Grand Prix 2022 Australian Grand Prix Practice, Qualifying & Race Discussion

The Artist.....

Champion Elect
Since it's not already posted, I thought I'd step on someone's toes and post an initial discussion for the 2022 Australian Grand Prix.

The GP circus' last visit to Australia was a somewhat abortive affair. A new, zoonotic disease, that we all thought would disappear very soon was beginning to spread in countries across the world back in 2020. This disease, at the time known as Coronavirus, was alleged to have originated in the Wuhan province, having jumped species, either from bats or from Pangolins. However, this is not the place for discussing the origins of the virus, we'll do that when we get to the 2022 Chinese Grand Prix discussion.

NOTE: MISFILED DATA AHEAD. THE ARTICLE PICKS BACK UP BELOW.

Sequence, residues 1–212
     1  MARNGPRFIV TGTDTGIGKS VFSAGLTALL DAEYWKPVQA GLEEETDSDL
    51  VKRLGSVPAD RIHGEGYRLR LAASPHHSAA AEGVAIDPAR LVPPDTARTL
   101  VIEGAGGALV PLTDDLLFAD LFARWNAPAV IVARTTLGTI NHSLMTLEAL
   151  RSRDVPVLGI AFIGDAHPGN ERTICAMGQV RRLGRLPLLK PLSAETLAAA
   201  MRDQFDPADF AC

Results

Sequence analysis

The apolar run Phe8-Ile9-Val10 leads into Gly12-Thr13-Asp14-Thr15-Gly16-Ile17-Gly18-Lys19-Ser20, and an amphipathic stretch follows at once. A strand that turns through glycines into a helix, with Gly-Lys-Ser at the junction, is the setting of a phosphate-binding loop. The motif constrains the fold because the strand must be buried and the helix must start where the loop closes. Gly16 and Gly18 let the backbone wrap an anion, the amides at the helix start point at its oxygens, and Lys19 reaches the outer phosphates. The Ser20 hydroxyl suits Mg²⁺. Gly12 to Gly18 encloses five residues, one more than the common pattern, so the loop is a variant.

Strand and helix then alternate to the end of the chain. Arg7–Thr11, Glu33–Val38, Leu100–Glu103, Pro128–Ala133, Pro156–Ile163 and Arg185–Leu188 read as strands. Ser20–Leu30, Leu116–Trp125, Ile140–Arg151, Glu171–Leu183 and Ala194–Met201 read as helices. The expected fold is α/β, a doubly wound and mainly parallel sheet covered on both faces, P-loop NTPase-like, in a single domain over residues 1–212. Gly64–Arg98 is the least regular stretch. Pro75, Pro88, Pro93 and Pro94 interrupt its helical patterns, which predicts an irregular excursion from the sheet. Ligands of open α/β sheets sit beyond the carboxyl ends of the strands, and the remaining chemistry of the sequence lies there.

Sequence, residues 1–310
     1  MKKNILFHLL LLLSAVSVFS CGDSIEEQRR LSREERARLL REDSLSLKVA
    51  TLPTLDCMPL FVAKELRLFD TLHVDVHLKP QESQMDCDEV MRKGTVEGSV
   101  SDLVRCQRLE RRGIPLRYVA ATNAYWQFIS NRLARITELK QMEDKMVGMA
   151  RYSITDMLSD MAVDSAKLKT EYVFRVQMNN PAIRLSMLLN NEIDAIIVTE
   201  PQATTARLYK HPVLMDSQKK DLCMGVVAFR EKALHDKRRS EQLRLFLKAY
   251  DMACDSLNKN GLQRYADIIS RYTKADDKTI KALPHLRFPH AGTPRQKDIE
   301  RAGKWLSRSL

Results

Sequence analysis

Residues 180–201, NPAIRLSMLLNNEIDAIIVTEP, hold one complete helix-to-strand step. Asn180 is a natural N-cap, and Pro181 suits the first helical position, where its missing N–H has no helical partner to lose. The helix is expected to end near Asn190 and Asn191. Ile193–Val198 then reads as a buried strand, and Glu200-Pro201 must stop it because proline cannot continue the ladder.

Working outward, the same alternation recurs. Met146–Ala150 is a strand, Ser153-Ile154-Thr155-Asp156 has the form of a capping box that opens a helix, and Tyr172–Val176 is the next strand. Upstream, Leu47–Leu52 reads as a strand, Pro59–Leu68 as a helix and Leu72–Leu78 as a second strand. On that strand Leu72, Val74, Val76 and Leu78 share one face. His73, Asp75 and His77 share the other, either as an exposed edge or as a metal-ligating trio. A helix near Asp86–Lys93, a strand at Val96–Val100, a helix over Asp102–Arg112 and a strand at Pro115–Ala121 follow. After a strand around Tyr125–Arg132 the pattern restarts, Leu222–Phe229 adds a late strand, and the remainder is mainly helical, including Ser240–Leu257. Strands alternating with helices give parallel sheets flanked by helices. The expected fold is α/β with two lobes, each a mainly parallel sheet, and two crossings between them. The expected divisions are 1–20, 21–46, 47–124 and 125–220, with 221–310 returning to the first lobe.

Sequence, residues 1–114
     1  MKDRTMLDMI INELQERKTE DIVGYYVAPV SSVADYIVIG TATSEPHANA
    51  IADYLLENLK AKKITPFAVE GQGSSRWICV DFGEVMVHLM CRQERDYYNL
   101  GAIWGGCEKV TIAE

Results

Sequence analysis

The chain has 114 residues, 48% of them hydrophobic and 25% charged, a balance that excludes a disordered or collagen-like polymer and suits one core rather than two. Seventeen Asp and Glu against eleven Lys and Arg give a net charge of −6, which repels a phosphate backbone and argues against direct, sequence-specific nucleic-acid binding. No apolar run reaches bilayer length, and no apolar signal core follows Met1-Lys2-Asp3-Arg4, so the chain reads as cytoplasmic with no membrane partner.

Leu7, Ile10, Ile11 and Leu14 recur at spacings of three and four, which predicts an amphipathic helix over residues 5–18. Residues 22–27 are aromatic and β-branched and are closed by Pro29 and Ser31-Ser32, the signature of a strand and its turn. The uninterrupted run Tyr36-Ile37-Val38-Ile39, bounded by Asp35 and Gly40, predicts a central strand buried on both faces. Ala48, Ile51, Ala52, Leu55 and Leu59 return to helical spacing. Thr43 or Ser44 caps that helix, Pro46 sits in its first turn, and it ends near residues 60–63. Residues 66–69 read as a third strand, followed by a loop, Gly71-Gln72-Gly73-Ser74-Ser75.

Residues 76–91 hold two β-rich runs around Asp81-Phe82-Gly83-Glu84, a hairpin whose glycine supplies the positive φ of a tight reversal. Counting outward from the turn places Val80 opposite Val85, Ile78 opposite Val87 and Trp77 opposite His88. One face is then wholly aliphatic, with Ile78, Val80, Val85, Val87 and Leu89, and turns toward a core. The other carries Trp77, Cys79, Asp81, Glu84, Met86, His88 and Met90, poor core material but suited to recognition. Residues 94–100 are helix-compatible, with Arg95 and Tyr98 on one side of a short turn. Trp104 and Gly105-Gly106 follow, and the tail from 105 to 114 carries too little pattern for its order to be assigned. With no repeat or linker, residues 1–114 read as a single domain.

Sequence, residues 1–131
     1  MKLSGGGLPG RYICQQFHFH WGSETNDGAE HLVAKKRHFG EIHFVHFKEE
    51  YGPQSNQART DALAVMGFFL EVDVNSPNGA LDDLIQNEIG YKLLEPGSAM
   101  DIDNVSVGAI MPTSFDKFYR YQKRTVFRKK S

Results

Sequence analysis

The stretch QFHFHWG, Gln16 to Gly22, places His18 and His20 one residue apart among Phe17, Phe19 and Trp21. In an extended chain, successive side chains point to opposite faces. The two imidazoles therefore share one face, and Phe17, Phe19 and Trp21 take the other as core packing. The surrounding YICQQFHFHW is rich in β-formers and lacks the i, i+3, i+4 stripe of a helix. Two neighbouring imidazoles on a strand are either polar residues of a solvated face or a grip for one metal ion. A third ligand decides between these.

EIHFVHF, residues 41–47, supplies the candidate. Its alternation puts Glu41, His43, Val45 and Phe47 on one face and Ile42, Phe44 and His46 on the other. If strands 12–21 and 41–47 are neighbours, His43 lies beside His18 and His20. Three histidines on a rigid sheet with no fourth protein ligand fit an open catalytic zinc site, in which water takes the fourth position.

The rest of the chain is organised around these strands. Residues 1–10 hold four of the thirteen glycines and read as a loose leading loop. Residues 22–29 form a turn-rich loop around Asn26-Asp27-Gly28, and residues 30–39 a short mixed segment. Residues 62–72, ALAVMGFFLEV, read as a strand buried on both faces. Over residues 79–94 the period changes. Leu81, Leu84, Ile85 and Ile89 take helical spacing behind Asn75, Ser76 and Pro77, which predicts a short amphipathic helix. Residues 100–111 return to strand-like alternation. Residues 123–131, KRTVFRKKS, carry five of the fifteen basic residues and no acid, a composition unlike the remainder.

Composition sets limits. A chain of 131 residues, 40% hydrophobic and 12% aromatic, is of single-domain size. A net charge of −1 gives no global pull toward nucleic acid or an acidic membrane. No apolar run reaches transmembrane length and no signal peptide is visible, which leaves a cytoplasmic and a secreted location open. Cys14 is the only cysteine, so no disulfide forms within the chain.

There is no Chinese Grand Prix in 2022
What do you mean there's no Chinese Grand Prix? When did that happen? Vietnam?
There's no Vietnamese GP either
Oh, so we're going to Imola and to (checks notes) drive around the car park of the Miami Dolphins' football rugby kicky throwy sport with lots of body armour instead. I guess we won't be discussing the origins of coronavirus after all.

Returning to the Australian GP. Back in 2020, the Australian GP was all set to go ahead. The teams had all been shipped out to Melbourne, crowds were ready to come into the circuit, then just before free practice was due to take place, a McLaren employee was confirmed to have tested positive for Coronavirus, and the decision was made to close the circuit, and cancel the event. If one employee from McLaren could be carrying the virus, anyone could be, and the Grand Prix could turn into a super-spreader event